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Golf, Golf, and More Golf
October 7, 2012 - Ray Tsuchiyama
The last time – and this is completely true – before my recent Maui golf activity – that I played golf was the night before our daughter was born. She is now a college senior, so that shows the passage of time rather too well. Actually, I remember very clearly the long-ago scene with my pregnant spouse C. at the Ala Wai Golf Course in Honolulu and my instructor (name forgotten) giving me encouragement – my head should be lifted more, my long arms extended more etc. I was getting better in getting the balls into the air at that crowded urban course next to Waikiki – then came my daughter’s birth, and fast-forward two decades, and during the past month my spouse C. and I were at a central Maui golf course with our new instructor and golf pro D.
After the early spring devoted to tennis in Wailea – and in the games of tennis, baseball, football, rugby, and even cricket the ball is moving and there are opponents. In golf, the little ball is stationary until one hits it, and there is no opposing side – it is a battle between one and oneself, and the golf course, with its meandering greens, sand traps, and hills and valleys. Since I am in OK shape (I never smoked, my heart is fine, and my diet has improved considerably since moving to Maui – and I can run and even play a basic game of tennis) – I thought I could “learn” the basic techniques and go forth in a few days to one of the beautiful Maui golf courses – I mean, I live just miles away from some of the world’s best courses – why am I not playing golf?
The major revelation during our meetings with D. was how frustrating golf was – I thought it would be a bit easier. D. was patient with us, and explained how our brain over-thinks for us and makes me swing the club harder on the small ball. And our minds want to know immediately where the golf ball goes – so we raise our heads quicker and that affects our swing, and the ball goes in an embarrassing dribbling fashion down the green. The entire leg-hip-shoulder-arm motion is not what we would do automatically either: I have to train my body to do something rather unnatural, and do that same motion every time.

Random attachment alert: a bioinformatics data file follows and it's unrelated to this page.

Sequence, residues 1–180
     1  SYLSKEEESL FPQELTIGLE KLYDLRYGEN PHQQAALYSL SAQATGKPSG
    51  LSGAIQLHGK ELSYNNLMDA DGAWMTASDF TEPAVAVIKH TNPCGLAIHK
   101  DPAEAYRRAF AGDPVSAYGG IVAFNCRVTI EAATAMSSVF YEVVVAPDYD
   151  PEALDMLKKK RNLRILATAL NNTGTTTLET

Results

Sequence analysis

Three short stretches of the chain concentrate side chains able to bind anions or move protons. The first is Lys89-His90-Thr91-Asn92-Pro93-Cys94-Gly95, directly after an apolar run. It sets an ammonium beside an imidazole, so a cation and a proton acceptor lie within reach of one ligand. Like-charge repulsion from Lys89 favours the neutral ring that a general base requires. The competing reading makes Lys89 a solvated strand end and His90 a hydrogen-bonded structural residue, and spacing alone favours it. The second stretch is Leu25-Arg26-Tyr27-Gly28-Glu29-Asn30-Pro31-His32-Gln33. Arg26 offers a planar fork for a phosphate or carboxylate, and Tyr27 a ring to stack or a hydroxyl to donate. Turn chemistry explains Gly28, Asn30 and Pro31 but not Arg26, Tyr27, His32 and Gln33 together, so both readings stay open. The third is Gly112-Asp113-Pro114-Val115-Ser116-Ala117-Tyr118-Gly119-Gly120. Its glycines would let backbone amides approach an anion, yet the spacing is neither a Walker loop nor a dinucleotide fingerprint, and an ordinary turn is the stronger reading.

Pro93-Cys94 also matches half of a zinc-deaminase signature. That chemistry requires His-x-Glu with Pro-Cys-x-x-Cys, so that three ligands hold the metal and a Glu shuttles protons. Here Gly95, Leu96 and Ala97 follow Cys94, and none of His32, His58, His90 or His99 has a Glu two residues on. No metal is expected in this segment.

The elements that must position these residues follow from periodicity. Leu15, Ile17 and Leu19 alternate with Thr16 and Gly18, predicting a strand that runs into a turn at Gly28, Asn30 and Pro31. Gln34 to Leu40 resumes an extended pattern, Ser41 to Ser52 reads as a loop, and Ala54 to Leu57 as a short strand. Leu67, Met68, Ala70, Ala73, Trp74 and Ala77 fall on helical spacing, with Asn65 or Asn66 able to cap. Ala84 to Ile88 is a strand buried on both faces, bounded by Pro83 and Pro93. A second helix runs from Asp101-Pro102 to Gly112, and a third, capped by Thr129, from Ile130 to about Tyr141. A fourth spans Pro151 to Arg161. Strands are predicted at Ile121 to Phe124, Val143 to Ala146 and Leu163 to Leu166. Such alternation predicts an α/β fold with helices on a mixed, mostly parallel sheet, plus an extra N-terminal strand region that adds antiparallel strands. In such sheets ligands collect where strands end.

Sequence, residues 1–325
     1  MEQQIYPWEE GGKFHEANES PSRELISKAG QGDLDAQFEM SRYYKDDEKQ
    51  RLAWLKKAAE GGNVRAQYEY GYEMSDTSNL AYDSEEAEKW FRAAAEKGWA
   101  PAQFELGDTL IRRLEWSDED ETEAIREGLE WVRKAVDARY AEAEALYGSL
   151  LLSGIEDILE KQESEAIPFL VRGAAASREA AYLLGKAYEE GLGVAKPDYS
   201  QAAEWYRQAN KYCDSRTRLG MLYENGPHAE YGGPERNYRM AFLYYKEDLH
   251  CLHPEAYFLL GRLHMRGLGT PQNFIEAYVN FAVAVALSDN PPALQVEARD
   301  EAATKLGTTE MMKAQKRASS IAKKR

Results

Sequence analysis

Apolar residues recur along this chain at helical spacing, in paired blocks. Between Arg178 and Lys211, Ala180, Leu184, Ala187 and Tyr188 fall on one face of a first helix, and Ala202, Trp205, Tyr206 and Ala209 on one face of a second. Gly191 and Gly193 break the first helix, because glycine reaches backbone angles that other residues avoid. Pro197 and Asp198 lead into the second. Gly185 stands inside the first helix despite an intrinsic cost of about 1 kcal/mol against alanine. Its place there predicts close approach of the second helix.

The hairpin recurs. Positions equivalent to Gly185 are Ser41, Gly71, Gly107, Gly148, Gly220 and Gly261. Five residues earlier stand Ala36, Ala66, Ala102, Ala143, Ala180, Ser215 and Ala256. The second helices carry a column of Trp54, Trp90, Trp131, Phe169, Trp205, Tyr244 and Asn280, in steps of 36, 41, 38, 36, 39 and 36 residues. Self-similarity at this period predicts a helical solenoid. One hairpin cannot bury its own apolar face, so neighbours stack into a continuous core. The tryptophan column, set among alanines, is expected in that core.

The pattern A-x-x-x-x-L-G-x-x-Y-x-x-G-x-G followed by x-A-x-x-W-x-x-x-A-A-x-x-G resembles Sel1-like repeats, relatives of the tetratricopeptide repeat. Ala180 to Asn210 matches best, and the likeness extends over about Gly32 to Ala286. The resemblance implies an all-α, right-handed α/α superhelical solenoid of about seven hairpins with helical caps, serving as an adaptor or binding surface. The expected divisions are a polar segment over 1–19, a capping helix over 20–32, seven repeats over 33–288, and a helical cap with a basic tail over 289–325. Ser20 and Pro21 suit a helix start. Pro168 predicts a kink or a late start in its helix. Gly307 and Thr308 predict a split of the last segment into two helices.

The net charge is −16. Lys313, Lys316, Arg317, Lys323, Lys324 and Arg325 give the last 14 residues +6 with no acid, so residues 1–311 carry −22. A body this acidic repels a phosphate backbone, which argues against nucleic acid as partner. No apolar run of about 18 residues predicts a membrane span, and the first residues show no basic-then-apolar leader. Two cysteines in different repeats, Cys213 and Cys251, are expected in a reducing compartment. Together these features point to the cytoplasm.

The other area of deep frustration is putting. D. kept emphasizing that you have to let gravity do the work, and don’t over-power the swing.
Finally, D. said that golf is more like meditation – which is why people play golf, to forget about work and other people. I like that – I have to loosen up more, do hip exercises, go into a more Zen-like trance – forget about muscling the driver, but rather become the swing, just focus on the club head hitting the little ball. (But that’s so easy to say!)
So now with our new clubs spouse C. and I go to various driving ranges and swing at yellow balls in the late afternoons, looking upwards at the clouds surrounding the summit of Haleakala. I guess golf has given us a reason to get out and enjoy nature on Maui. And so life on Maui has become a bit better, yet we haven’t reached that level of playing on a real golf course -- that’s the next much-anticipated phase.
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